Shares of Abercrombie and Fitch weren’t looking so great on Thursday after JPMorgan decided to slash its rating on the apparel company.
The firm downgraded the stock from “neutral” to “underweight” and even slashed its price target from $12 to $10.
JPMorgan analysts wrote, “Management sees no silver bullets to sustainable operating profit expansion citing top-line growth as the primary go-forward seeing factor with continued SG&A efficiency to fund the rising cost of relevance given material cost saving ‘buckets’ in the rearview mirror.”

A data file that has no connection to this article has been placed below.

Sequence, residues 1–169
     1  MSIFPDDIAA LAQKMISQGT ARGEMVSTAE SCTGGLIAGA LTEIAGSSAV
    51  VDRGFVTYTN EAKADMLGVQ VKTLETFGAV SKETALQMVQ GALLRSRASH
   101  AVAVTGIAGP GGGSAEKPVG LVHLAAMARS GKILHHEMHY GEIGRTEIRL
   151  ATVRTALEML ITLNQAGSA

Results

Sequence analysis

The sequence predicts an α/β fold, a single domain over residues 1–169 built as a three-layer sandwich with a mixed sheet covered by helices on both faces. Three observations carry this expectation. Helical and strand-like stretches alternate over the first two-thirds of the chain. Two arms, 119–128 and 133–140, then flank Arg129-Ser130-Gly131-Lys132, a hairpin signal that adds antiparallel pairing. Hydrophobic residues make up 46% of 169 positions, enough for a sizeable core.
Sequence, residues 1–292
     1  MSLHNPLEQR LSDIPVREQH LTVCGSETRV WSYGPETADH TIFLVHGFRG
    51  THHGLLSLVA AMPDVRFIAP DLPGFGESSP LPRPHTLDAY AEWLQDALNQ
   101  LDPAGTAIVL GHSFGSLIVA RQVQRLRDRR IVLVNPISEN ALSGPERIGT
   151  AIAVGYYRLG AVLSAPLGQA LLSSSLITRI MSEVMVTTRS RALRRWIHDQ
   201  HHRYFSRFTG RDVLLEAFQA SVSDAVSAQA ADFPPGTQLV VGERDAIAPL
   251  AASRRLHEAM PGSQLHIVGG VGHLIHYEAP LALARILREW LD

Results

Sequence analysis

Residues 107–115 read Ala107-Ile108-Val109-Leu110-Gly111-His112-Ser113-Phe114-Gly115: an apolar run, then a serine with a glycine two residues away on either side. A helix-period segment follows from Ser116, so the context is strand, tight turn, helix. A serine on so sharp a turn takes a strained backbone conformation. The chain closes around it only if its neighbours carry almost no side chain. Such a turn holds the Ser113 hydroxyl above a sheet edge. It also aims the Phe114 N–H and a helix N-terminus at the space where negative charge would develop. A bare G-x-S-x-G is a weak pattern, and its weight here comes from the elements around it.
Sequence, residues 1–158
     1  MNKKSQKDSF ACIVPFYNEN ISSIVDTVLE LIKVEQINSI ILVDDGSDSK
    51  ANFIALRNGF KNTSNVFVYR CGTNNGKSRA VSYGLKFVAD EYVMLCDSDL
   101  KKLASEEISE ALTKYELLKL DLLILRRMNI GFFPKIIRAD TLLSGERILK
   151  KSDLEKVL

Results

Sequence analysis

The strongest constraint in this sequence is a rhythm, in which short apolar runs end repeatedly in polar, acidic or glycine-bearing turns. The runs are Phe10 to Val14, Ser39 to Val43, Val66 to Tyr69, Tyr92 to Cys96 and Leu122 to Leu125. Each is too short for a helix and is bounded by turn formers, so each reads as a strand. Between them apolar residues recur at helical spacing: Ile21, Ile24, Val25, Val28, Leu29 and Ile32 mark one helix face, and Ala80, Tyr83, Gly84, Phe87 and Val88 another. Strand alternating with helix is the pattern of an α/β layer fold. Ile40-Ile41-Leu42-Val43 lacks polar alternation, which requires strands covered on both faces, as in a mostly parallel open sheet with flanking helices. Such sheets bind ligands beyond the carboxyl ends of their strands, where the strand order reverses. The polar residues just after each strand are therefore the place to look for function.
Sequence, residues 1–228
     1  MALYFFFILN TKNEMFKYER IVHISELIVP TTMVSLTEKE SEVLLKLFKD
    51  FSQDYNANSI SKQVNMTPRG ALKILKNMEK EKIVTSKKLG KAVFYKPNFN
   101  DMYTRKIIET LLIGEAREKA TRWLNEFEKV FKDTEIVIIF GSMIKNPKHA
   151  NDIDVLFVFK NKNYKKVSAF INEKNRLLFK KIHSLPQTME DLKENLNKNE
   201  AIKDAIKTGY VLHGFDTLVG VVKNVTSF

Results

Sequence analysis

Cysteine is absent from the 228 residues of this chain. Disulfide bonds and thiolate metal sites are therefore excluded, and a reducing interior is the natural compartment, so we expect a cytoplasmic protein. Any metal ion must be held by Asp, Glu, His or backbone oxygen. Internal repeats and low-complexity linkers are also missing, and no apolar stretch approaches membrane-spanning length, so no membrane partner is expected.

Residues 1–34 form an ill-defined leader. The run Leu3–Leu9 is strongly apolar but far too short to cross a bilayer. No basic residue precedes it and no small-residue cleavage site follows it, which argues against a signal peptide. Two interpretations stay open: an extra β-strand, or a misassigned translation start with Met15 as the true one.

The company’s CEO Fran Horowitz has told the firm that investments in supply chains, as well as updated systems could improve the company’s top-line trajectory but JPMorgan didn’t seem convinced.
Analyst Matthew Boss wrote that the company’s top-line fell in fiscal 2016 to $3.3 billion from $4.5 billion in fiscal 2012 due to “self-inflicted factors.”
He also wrote, “ANF’s earnings power going forward is increasingly dependent on the company’s ability to drive positive comps which appears increasingly too difficult in the worsening retail backdrop. We are not convinced that ANF will see an inflection point in comps on a sustainable basis and see consistent EBITDA declines for the years ahead.”
Disclaimer: We have no position in Abercrombie & Fitch Co. (NYSE: ANF) and have not been compensated for this article.